Both types of software are powerful tools. Powerful tools are dangerous in the wrong hands, because they amplify the power of their users. That is the gist of the analogy.

I expect EMACS has been used for all kinds of evil purposes, from writing viruses, trojans, and worms to tax evasion and fraud.

I note that Anders Sandberg recently included:

"Otherwise the terrorists will win!" his list of of signs that you might be looking at a weak moral argument.

That seems rather dubious as a general motto, but in this case, I am inclined to agree. In t... (read more)

If you don't understand something I've written, please ask for clarification. Don't guess what I said and respond to that instead; that's obnoxious. Your comparison of my argument to

"Otherwise the terrorists will win!"

Leads me to believe that you didn't understand what I said at all. How is destroying the world by accident like terrorism?

A Brief Overview of Machine Ethics

by lukeprog 1 min read5th Mar 201191 comments


Earlier, I lamented that even though Eliezer named scholarship as one of the Twelve Virtues of Rationality, there is surprisingly little interest in (or citing of) the academic literature on some of Less Wrong's central discussion topics.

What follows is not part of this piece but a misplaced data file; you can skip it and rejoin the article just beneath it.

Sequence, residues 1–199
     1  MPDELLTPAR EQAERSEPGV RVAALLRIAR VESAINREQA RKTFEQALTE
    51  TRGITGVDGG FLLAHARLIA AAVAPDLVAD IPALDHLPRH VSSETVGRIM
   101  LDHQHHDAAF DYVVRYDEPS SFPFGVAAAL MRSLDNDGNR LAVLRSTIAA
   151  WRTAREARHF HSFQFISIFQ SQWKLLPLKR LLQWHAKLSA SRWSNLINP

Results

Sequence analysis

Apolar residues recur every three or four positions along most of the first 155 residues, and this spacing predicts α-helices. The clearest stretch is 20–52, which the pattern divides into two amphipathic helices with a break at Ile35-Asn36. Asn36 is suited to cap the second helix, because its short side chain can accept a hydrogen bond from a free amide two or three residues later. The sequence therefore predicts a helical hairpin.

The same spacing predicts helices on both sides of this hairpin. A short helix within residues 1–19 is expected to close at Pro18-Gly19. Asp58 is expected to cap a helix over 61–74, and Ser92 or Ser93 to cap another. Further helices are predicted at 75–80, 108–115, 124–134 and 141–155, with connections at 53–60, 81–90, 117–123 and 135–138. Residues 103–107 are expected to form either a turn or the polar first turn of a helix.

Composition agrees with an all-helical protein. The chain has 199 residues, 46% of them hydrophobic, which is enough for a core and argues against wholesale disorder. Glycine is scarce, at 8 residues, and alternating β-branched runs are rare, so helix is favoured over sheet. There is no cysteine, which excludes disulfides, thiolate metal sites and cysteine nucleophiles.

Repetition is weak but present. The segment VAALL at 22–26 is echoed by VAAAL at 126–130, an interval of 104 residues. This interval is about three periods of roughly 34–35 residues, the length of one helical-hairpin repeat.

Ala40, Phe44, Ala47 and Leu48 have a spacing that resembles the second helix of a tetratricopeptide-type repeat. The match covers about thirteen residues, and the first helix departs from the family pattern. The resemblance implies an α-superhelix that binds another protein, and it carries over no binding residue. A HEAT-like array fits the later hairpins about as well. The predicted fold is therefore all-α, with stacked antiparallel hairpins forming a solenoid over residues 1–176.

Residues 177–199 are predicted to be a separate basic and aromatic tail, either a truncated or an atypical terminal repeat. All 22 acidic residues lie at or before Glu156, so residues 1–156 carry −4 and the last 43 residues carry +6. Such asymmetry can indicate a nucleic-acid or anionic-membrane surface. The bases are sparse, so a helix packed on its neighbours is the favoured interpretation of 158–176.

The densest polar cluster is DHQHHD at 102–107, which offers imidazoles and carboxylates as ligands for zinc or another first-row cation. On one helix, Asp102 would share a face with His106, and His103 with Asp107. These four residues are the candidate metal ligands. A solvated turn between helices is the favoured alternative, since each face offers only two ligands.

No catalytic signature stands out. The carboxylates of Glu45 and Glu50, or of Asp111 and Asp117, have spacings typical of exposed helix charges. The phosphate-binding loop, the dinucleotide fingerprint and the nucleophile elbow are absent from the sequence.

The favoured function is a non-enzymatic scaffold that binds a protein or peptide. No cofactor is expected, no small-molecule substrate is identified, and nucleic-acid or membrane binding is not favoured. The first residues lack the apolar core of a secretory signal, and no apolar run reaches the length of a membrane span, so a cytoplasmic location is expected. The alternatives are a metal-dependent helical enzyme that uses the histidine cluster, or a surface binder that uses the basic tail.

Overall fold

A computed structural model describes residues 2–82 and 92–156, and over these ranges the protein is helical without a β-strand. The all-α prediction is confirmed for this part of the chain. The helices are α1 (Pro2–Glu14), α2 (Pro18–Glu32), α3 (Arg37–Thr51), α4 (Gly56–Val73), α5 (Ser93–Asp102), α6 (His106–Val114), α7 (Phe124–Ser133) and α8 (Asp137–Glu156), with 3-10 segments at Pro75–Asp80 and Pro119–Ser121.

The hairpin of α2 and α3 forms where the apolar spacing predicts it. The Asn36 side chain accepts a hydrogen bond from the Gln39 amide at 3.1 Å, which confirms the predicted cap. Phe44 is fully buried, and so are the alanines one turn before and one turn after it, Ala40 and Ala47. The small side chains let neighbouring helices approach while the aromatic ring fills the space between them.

Previously, I provided an overview of formal epistemology, that field of philosophy that deals with (1) mathematically formalizing concepts related to induction, belief, choice, and action, and (2) arguing about the foundations of probability, statistics, game theory, decision theory, and algorithmic learning theory.

Now, I've written Machine Ethics is the Future, an introduction to machine ethics, the academic field that studies the problem of how to design artificial moral agents that act ethically (along with a few related problems). There, you will find PDFs of a dozen papers on the subject.